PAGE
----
The boys’ defiance has unexpected consequences, as it coincides with a local drama in which a neighbour scandalously buys a washing machine while under suspicion of embezzling funds from the neighbourhood women’s association. The housewives snipe and gossip, bearing out the boys’ confusion with adult non-communication in which petty resentments can fester under a superficial façade of politeness. In true Ozu fashion, it all comes right in the end, though not without its share of irony.
One of his most charming depictions of contemporary family life and a mild critique of how consumerism was reshaping society, Good Morning is the very essence of ‘Ozu-esque’.
What to watch next
An obvious place to continue is with his original version, I Was Born, But…, the most celebrated of his early films. It features the same family dynamic but with additional bite as the two young boys’ hunger strike in a time when food was in short supply.
Ozu’s families of the 1930s often find themselves at the mercy of their times. The father of Tokyo Chorus (1931) stands up for a colleague who’s been unfairly sacked so the company won’t have to pay his pension, only to lose his own job in the process. The father of An Inn in Tokyo (1935) struggles to provide for his two young sons while wandering the country in search of work, but like his counterpart in A Story of Floating Weeds (1934) – another silent film that Ozu remade in the late 50s, as Floating Weeds (1959) – he’s eventually exiled from his family, having taken drastic action to save a single-mother from being thrown into sex work to pay for her daughter’s medical care.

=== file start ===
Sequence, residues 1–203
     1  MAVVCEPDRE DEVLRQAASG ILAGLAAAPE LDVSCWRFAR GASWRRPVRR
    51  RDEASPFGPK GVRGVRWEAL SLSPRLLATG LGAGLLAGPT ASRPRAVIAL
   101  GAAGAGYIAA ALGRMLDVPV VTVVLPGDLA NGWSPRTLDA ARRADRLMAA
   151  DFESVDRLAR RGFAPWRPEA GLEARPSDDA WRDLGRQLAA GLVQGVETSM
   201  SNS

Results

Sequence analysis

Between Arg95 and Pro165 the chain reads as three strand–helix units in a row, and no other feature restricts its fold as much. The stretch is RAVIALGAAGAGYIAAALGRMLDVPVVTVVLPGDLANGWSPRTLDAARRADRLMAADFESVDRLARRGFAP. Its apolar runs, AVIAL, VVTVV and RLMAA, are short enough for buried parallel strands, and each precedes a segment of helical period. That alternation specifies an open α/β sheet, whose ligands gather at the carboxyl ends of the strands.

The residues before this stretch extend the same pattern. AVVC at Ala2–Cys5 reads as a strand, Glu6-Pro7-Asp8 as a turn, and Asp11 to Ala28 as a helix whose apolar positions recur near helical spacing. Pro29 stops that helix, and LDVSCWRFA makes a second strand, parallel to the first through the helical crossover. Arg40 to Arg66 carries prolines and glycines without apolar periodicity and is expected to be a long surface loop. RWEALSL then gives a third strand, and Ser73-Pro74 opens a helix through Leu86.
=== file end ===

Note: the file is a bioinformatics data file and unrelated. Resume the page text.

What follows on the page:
A father in That Night’s Wife (1930) finds himself in a similar position, committing a robbery to pay for a doctor for his sick child. This is one of Ozu’s underseen silent crime dramas, one which does not condone its hero’s actions but sees him as a good man struggling against an unfair society.
The most famous father in all of Ozu, however, is the widower played by his regular star Chishu Ryu in Late Spring (1949). His melancholy peeling of an apple, left alone after his daughter’s marriage, is one of the director’s most enduring images.